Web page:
Patients Sue Prince George’s Hospital After OB-GYN Faked Identity
A former OB-GYN obtained his medical license using a fake name and a fake Social Security number and also had a false passport, visa and birth certificate.
Over 100 former OB-GYN patients have filed a class action lawsuit against a Maryland hospital after an employee obtained his medical license using a fake name and fake Social Security number.
Oluwafemi Charles Igberase, who was known to Prince George’s Hospital Center patients and staff as “Dr. Akoda”, lied about his identity and medical certifications to advance his career, reports The Washington Post.
In 2016, Igberase was removed from the Cheverly, Md., hospital where he had worked for five years after he was indicted on charges of fraud. Igberase pleaded guilty and admitted to using four different Social Security numbers under three different names to apply for medical certifications, his medical license and federal education loans for his children.
It was also discovered that Igberase forged his medical diploma, medical transcripts and letters of recommendation. He also possessed a false passport, visa, birth certificate and immigration documents.
Federal documents show Igberase came to the United States in October 1991 on a nonimmigrant visa.
While Igberase’s former patients believe the hospital should be held accountable, the hospital is blaming other agencies who vetted him.
“We are exploring many aspects of this case, researching records, and evaluating processes and procedures upon which we rely to validate information,” read a statement from the hospital. “Several highly reliable agencies validated his credentials including the states in which he held medical licenses.”
The hospital’s attorneys also say although Igberase used a fake name and failed to meet the hospital’s expectations for “sound moral character”, Igberase was licensed to practice medicine in the state of Maryland.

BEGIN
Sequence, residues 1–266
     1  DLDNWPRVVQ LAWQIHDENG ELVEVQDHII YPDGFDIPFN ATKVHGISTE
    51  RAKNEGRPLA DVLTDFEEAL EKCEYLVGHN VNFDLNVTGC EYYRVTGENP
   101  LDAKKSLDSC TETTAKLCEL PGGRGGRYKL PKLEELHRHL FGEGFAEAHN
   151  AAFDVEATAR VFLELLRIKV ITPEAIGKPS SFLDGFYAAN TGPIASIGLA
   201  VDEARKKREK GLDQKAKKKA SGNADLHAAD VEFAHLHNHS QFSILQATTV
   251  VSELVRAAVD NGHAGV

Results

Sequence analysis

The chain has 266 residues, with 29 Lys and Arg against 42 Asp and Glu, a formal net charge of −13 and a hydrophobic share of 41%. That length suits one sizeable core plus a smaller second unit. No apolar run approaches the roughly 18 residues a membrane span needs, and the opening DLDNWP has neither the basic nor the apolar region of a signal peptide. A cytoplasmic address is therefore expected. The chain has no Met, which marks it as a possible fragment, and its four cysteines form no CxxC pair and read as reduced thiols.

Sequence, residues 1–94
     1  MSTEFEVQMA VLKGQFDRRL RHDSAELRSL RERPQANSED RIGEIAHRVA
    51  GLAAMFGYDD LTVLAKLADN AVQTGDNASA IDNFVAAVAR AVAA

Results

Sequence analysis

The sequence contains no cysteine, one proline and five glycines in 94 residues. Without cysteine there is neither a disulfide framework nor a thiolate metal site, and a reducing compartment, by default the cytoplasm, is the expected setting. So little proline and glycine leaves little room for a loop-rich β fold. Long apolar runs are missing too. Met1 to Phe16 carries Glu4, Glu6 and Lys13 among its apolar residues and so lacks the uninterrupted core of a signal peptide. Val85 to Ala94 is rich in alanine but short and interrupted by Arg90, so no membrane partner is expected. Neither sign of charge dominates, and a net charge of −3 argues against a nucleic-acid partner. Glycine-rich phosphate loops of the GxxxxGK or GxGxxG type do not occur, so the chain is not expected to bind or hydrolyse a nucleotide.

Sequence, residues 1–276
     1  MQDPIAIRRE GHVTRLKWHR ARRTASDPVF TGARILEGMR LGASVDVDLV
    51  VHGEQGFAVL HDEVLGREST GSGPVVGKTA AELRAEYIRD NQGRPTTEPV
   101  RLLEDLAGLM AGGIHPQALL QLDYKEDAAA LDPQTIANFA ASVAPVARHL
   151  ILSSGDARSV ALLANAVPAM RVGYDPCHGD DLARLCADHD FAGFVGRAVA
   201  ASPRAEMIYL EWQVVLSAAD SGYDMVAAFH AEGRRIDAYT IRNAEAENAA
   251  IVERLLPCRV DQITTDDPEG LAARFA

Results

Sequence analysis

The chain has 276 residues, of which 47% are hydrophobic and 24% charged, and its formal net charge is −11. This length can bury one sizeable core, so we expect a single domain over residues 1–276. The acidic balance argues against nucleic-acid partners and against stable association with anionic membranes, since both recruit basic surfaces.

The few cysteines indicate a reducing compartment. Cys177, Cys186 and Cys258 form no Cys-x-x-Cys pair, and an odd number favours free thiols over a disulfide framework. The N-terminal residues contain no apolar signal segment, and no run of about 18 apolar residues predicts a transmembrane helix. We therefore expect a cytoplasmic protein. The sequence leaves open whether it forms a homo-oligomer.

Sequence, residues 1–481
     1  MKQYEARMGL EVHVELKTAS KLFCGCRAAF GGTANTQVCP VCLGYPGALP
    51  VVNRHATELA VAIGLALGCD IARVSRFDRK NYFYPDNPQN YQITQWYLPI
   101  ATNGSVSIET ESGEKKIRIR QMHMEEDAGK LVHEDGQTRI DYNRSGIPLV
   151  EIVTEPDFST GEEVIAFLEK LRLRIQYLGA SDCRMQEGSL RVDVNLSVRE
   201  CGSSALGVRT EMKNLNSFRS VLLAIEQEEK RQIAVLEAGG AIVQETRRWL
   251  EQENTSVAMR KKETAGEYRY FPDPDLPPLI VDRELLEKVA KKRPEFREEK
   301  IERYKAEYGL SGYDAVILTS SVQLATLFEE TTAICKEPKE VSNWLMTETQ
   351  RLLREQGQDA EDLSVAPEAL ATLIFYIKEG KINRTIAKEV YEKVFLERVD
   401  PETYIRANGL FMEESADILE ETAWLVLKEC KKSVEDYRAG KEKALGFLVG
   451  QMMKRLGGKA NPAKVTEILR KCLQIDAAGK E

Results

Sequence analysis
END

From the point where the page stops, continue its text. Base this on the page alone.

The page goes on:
“We acknowledge the concerns expressed by some of his former patients,” the hospital told the Post. “However, it remains a fact that Dr. Akoda was a trained, licensed and qualified obstetrician and gynecologist during the entire period he had privileges to practice at our facility.”
The hospital also says Igberase “applied to, was accepted, and successfully completed” a four-year residency program at Howard University from 2007 to 2011 where he was named “Resident of the Year” in 2011.
OB-GYN Had History of Discrepancies, Fraud
The plaintiffs’ attorney, Jonathan Schochor, says there were several red flags on Igberase’s record that should have kept the hospital from hiring him.
In 1992 and 1993, Igberase failed basic exams to obtain his Foreign Medical Graduate Certification. He did pass eventually and obtained the certification, but it was revoked in 1995 when the committee found he had used different names and dates of birth to apply for credentials.
In 2000, Igberase was kicked out of a residency program in New Jersey after he gave them incorrect information about his identity, reports The Root.
In 2012, the federal government rejected his application for a Medicare claim after it was discovered that he used someone else’s Social Security number.
Schochor says a thorough background check by the hospital would have unveiled the discrepancies.
“They’ve all said to us that they’re worried for themselves and they’re worried for their children,” Schochor said of Igberase’s former patients. “Has he performed cesareans or surgeries that he shouldn’t have? Has he performed or not performed tests that he shouldn’t have?”
One woman whose child was delivered by Igberase five years ago says she found out about his conviction when she saw it on the news. She says she immediately began to question whether she received appropriate medical care by Igberase as she had complications during her delivery and a difficult labor.
“I trusted him. This is something where you’re dealing with lives, you’re dealing with babies, you’re dealing with personal areas,” said the woman.
On March 2, 2017, Igberase was sentenced to six months in prison, six months of home detention and three years of supervised release.
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